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Park Preservation and Benefit Education I recently returned from my annual national park trip, which is always an inspiring experience. My husband and I have a fifth wheel and a truck, A ROAD TRIP INTO THE WILDERNESS
possible to experience these incredible places, but they also feel a duty to protect the land and wildlife. They are constantly navigating between sharing the land and preserving it. I applaud their efforts and think we should follow their leadership in terms of how to best manage these precious spaces. Jackson Hole was beautiful, as always, and I really value the time I can spend educating federal employees in some pretty remote areas. The trip was a privilege, and I’m thankful for the chance to share a little of my expertise. Before I sign off this month, I want to remind our readers that the Retirement Planning Strategies’ annual Cookie Exchange & Craft Fair will be coming around again in December, so stay tuned for more information. I also want to wish everyone a happy Thanksgiving. After getting back from the wilderness, I know I’m thankful for the incredible work of our NPS and U.S. FWS employees — and, for that matter, the work of every single federal employee. We wouldn’t be the country we are without you.
so it’s basically a federal benefits road trip. Whenever I have the chance to explore our national parks, I’m reminded of an incredible aspect of the work of our federal employees. Protecting these breathtaking locations is a noble cause if there ever was one. We started at Rocky Mountain National Park in Estes Park, Colorado. It’s just a short drive from Denver, but it’s a little like stepping into another world. The landscape feels untouched, and there is a sense of isolation that really puts city life in perspective. Unfortunately, that isolation isn’t just environmental. As I hosted my lunch and learn event, I realized that many park employees feel isolated from a resource to help them understand their benefits. I do a lot of events and answer a lot of questions, but I’ve rarely had a crowd that was so eager to have issues explained. It was really special to make a connection with this spectrum of federal employees. From there, it was on to Jackson Hole, Wyoming, and Grand Teton National Park. We visited last year, but this year we were
able to explore the National Elk Refuge. It was a wild (sorry for the pun) experience. We saw moose, elk, and antelope. There is a pack of wolves that’s famous among the National Park Service employees in the area, but unfortunately, we weren’t able to spot any of them. Of course, my friend was there not long after and saw one. Luckily, she snapped an incredible photo, which I included along with this article. Last year, Grand Teton National Park celebrated the 100th anniversary of the National Park Service. This is a huge achievement for sure, but it also highlighted some of the issues NPS and the U.S. Fish and Wildlife Service employees face. With nearly 3 million people visiting the park in 2016 and another 2 million this year, there are always some that break the rules. No matter how many signs you put up, some folks still treat the park like a zoo. Of course, park employees want as many people as
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There’s nothing more satisfying for us than seeing clients living out their retirements with security and enthusiasm. You Call This Retirement? AUDRY AND BEAL TRAHAN’S LIFE OF ADVENTURE
We get to work with federal employees as they prepare for the end of work, but we take just as much pride in seeing where their lives go once that chapter closes. A lot of them end up becoming an inspiration to us. That’s certainly the case for Audry and Beal Trahan, who rack up more adventures in a year than most people do in a decade. Beal says it best: “My friends tell me that they need to take a nap after reading my Facebook page.” sector. The couple mentions two big factors that allowed them to pursue their dreams in retirement. First, Audry’s federal insurance means that they are covered for medical expenses. Second, they sat down with us and played an active role in their retirement planning. “We love Ann,” Audry says. “She helped lay the groundwork for the joys we experience in our retirement.” Audry was a federal employee for many years while Beal worked in the private Taking a look at the list of places the Trahans have visited in 2017, mostly traveling by RV with their dog, it’s not hard to see why they’re having so much fun. Here’s an abbreviated list: Yuma, Arizona; San Antonio, Texas; San Felipe, Mexico; New Orleans, Louisiana (Beal’s hometown); South Africa; Niagara Falls; New York; New Jersey; and Arkansas. It would be impossible for us to list all of the exciting things they’ve done — honestly, the Trahans could probably have their own newsletter — but we’ll do our best to detail a few highlights. “Most of our traveling,” Beal tells us, “supports the Christian Motorcyclists Association. En route to CMA functions we’ve done everything from visiting the Alamo to getting up close and personal with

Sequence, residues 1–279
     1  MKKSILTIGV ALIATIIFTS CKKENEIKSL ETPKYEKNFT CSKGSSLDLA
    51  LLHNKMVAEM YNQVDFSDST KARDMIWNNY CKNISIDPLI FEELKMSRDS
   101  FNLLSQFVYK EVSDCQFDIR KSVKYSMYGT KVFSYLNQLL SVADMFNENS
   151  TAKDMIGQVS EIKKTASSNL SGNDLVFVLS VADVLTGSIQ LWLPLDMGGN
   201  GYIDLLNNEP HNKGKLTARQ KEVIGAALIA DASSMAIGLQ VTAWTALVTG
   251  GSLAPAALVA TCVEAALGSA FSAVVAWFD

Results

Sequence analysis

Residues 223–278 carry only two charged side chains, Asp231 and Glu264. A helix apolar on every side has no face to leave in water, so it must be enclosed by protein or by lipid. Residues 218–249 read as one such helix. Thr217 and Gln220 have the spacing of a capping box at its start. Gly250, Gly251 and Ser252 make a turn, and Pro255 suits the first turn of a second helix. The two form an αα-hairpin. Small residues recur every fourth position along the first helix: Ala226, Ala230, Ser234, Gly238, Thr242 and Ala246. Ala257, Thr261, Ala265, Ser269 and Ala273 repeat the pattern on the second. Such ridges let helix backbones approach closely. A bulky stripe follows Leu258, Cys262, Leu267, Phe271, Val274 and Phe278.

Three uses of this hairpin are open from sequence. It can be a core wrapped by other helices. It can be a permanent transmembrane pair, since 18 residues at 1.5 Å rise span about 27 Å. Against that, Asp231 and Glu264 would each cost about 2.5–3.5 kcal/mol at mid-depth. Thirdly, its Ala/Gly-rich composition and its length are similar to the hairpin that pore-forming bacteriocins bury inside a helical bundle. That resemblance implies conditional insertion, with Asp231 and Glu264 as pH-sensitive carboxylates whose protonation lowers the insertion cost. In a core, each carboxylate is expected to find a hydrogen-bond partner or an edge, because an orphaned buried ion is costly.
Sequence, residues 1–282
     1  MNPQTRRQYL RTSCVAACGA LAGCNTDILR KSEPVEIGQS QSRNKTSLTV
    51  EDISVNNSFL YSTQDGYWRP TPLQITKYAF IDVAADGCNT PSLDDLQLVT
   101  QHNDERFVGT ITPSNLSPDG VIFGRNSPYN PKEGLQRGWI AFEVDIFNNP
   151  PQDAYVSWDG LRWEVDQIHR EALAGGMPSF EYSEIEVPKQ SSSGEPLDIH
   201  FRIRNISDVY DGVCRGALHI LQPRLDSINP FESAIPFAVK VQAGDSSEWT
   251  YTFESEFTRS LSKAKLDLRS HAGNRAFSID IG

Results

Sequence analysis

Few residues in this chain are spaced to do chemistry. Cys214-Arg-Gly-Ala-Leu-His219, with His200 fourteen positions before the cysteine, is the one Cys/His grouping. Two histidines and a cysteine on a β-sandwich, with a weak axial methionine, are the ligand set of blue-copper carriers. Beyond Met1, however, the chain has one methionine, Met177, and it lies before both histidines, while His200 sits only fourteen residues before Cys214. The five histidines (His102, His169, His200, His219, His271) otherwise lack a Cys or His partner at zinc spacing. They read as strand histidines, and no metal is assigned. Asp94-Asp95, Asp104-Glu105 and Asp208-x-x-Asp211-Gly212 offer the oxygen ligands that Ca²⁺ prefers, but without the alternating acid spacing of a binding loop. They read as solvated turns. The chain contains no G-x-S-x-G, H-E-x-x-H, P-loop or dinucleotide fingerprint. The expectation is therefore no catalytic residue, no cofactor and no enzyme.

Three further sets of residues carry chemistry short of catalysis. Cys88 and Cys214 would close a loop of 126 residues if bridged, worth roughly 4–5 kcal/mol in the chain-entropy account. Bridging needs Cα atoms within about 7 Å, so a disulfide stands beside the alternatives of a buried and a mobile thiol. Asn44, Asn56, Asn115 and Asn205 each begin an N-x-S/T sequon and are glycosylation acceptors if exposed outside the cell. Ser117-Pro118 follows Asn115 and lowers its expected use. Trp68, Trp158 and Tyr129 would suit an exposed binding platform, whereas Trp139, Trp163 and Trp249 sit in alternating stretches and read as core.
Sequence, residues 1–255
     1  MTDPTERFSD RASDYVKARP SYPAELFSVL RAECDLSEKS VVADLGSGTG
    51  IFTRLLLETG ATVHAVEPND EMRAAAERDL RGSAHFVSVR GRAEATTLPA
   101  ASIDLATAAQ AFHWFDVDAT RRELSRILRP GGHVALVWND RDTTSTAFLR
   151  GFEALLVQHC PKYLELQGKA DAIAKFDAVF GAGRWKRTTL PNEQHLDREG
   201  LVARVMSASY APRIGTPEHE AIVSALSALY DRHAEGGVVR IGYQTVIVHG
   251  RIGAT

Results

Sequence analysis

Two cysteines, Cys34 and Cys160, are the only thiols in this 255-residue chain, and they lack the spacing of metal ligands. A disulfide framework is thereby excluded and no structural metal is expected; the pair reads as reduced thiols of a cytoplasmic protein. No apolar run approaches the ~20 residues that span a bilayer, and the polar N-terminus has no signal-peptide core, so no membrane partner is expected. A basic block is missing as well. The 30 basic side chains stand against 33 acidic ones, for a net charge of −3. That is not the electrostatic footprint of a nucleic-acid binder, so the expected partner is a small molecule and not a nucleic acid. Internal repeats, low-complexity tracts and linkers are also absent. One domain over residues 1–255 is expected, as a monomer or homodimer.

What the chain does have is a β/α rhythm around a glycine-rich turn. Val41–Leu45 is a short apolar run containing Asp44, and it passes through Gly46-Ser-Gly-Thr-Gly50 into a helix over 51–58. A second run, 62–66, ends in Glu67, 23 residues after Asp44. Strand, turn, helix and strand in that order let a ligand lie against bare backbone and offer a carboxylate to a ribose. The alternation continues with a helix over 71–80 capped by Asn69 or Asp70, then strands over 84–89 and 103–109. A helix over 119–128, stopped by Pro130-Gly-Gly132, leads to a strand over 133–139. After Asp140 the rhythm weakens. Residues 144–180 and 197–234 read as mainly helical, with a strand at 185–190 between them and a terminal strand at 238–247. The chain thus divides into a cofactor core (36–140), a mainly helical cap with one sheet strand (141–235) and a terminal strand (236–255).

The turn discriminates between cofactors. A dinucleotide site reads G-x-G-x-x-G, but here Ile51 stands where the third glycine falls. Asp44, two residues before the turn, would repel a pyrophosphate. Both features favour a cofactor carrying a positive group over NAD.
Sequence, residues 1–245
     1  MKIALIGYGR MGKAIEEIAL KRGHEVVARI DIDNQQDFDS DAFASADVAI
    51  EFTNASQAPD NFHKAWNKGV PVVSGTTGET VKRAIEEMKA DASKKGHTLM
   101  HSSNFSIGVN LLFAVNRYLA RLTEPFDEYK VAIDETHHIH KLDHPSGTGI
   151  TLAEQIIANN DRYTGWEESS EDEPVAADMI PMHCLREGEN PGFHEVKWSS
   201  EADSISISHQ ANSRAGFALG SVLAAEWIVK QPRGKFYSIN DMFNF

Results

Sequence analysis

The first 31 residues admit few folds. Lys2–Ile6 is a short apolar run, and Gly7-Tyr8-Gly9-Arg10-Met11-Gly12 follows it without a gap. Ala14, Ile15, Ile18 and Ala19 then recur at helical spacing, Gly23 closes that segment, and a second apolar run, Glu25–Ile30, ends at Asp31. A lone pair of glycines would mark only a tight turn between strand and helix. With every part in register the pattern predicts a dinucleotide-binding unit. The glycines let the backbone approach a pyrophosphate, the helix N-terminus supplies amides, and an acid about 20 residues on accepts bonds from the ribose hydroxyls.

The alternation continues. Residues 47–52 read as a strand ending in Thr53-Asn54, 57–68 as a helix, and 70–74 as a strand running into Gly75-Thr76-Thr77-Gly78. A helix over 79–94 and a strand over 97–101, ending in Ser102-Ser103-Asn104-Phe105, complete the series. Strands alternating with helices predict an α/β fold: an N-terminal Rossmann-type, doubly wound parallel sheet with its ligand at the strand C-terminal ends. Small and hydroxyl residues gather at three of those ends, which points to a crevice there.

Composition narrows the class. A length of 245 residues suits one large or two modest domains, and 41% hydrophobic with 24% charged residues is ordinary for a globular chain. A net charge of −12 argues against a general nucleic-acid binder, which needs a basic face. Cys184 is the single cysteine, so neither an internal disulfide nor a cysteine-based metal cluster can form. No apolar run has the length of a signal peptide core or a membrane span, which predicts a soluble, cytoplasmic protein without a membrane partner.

a rhino.” Their membership has also given them the chance to meet exciting people and contribute to an awesome cause.
sister on stage to tell it. People in the audience were crying. It’s something we’ll never forget.”
And don’t think the Trahans take it easy when they’re at home. “Last year,” Beal remembers, “Audry put together the surprise of my lifetime for my 70th birthday.” Not only did she manage to keep the party a secret, she went all out. Using the old TV show “This Is Your LIfe” as a model, Audry crafted a birthday celebration that synthesized seven decades into an evening. “We even included a second-line parade,” Audry states, “as a tribute to Beal’s hometown.” To close, we wanted to ask Audry and Beal how they manage to maintain such high levels of energy and curiosity. “Well,” Beal tells us, “there’s always something to look forward to.” “Health isn’t an excuse,” Audry adds. “We’ve both had our health issues over the years, but we never let that stop us from planning our next adventure. Our attitude is that life is for the living.” With passports that include stamps from Israel, Egypt, Turkey, England, France, and more, we’d certainly say that the Trahans are living!
Among all the outrageously exciting experiences, one manages to stand out as the most unlikely. “I learned this year,” Audry says, “that I had a sister I never knew about. We decided to meet up, and it led to a magical visit.”